After nearly a year of waiting, Penn State earned a pair of victories in its first series of the year due to a handful of expected — and some surprise — contributions.
The Nittany Lions returned to the diamond last weekend, opening their 44-game, Big Ten-only schedule against Northwestern.
The series was played at the neutral site of U.S. Bank Stadium in Minneapolis, and the blue and white split the four-game series against the Wildcats.
In the series opener last Friday, Penn State and Northwestern traded runs until the fourth inning when a Josh Spiegel home run gave the Nittany Lions their first lead of the season.
In his Penn State debut, Spiegel finished the game with two home runs and a double.
Dominant pitching from Bailey Dees — five innings pitched, five strikeouts and two earned runs — and an impressive four-inning save from reliever Tyler Shingledecker led Penn State to a 6-3 victory.
The following day, the Nittany Lions’ first doubleheader of the season would not be as kind.
Penn State was held to six hits and zero runs in the first of two games Saturday, subsequently being shut out 2-0 for its first defeat of the season.
Coach Rob Cooper’s batters were not getting shut down by strikeouts, however, as they only struck out four times. The Nittany Lions just could not get their bats going on contact.
Later in the afternoon, Penn State struggled again to string runs together. Although they scored two in the bottom of the first to jump out to an early lead, the Nittany Lions were shutout for the next eight innings.
The blue and white held its lead from the first all the way to the seventh inning, when reliever Jared Freilich came in, surrendering four runs (three earned) in two innings of relief.
Penn State dropped the contest 5-2.
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On the verge of losing their first series of the season, the Nittany Lions came to play on Sunday.
Northwestern and Penn State went back and forth, slugging home run after home run. It wasn’t until the bottom of the sixth that the blue and white built up a solid lead.
Piacentino hit his third home run of the game, and a pair of RBI doubles gave the Nittany Lions a three-run lead they would ride out to a 13-10 win, splitting the series at two wins apiece.
Sitting at 2-2 after its first series is not the worst place for Penn State to be, especially after a grueling two-loss Saturday.
Before the blue and white battles Indiana in another four-game set this weekend, here are some notable moments and statistics from its first series.
Penn State… a power team?
The Nittany Lions, over the last few seasons, have not been the most effective home-run hitting team. With totals of 21 in 2017, 18 in 2018, and 24 in 2019, they ranked at or near the bottom of the Big Ten each of the last three full seasons.
Even last year, their seven home runs in 15 games were fairly average for the conference in the shortened season.
Perhaps that has changed now.
Penn State slugged eight home runs last weekend, already surpassing its 2020 season total in just four games.
Both Spiegel and Piacentino have hammed three long balls, with Spiegel going deep twice on Friday and once Sunda, and Piacentino hitting three in a row on Sunday.
Additionally, Parker Hendershot and Matt Wood both went deep as well.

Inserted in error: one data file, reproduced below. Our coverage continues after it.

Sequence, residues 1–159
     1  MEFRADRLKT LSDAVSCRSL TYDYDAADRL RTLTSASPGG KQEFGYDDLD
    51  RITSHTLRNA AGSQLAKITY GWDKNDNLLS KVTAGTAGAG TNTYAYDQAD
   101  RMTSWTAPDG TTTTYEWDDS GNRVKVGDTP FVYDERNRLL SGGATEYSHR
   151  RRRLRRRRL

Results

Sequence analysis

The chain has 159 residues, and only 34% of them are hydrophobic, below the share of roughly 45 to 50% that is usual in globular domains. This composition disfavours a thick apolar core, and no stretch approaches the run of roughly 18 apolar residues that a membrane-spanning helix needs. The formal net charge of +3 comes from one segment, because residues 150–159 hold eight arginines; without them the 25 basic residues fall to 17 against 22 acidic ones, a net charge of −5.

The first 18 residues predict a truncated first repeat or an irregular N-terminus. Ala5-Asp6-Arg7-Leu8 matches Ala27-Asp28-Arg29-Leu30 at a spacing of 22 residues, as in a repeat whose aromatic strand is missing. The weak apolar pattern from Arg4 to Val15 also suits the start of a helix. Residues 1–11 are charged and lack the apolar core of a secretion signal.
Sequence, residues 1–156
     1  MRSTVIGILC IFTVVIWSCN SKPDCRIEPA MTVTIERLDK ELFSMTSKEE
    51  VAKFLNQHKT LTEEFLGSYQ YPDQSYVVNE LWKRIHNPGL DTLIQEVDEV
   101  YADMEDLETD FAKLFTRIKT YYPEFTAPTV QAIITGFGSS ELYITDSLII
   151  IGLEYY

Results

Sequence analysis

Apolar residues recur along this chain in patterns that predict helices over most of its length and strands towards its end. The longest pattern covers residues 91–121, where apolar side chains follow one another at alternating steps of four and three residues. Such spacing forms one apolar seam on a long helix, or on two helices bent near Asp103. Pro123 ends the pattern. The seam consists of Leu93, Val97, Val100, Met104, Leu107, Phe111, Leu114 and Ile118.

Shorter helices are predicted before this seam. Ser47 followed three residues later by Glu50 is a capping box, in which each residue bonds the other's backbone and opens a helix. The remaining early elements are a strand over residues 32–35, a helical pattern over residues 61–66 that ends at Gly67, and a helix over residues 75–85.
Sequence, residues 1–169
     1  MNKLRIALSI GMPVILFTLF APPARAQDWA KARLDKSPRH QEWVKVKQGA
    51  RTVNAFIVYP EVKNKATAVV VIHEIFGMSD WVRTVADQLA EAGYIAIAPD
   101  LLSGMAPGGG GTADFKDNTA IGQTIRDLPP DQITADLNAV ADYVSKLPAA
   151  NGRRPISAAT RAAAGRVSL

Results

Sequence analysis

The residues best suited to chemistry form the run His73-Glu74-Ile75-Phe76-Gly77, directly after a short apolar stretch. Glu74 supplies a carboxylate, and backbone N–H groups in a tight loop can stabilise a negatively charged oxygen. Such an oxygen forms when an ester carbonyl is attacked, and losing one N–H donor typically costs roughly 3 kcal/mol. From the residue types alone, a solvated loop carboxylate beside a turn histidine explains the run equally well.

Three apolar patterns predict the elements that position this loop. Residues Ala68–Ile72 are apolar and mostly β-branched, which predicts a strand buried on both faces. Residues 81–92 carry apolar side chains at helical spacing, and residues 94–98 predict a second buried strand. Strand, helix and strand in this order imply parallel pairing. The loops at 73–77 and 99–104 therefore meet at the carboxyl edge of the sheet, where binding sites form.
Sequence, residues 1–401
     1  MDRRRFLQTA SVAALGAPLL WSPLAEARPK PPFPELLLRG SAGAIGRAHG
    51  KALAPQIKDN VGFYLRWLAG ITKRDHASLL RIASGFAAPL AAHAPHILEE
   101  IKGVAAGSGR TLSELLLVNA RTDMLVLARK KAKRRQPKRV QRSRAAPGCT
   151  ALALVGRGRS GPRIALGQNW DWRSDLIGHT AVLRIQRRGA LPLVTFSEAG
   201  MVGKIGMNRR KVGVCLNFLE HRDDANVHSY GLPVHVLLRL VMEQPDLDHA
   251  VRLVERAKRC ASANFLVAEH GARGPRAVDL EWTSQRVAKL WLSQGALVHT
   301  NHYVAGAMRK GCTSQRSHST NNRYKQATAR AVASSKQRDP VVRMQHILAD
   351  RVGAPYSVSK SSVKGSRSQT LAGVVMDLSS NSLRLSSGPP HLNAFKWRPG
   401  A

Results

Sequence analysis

Not exactly known for extra-base hits either, Penn State rocked 14 doubles over the weekend, too. Jay Harry hit for four of them, while Spiegel added three, and Gavin Homer and Curtis Robinson had two apiece.
If the blue and white can keep up this power display, fellow Big Ten pitching staffs will have to take note of the damage the Nittany Lions can do.
Starters got strikeouts, but struggled to gain control
After dominating on the mound last year, the Nittany Lions’ pitching staff struggled against the Big Ten’s worst offensive team of the 2020 campaign in Northwestern.
In 16⅓ innings pitched, Penn State starters gave up 12 runs, averaging out to an earned run average of 6.71.
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The starters did, however, manage 24 strikeouts, which equates to 13.4 strikeouts per nine innings — indicating that the staff has done a great job making batters swing and miss.
Dees only allowed two hits and two runs on the mound in five innings, as well as Henline posting a 2.25 earned run average after his first start.
Larkin pitched hard but was not helped by Penn State’s quiet bats, as he gave up two runs after four innings. Kyle Virbitsky struggled the most, allowing seven runs and eight hits after just 3⅓ innings of play.
It was just one series, but against a team like Northwestern that is hardly an offensive juggernaut, better results should be expected from the blue and white’s pitching staff.
Stolen bases harder to come by
In just 15 games last year, Penn State managed to go 33-for-34 on stolen bases, equating to a 97% success rate.
As mind boggling as that statistic is, from the almost perfect percentage to the sheer number of stolen-base attempts in such limited time, it was clear last season the Nittany Lions were no joke on the basepaths.
After a series with Northwestern, Penn State went 2-for-6 on stolen base attempts. It appeared on some attempts the blue and white had some late jumps, not darting as soon as the opposing pitcher delivered to the plate.
Gavin Homer stole both of the Nittany Lions’ bases last weekend.
While not detrimental, it remains to be seen if Penn State can be a power-hitting team. The Nittany Lions likely won’t hit like this every series. If that’s the case, the blue and white will rely on small ball, and doing a better job stealing bases will certainly help.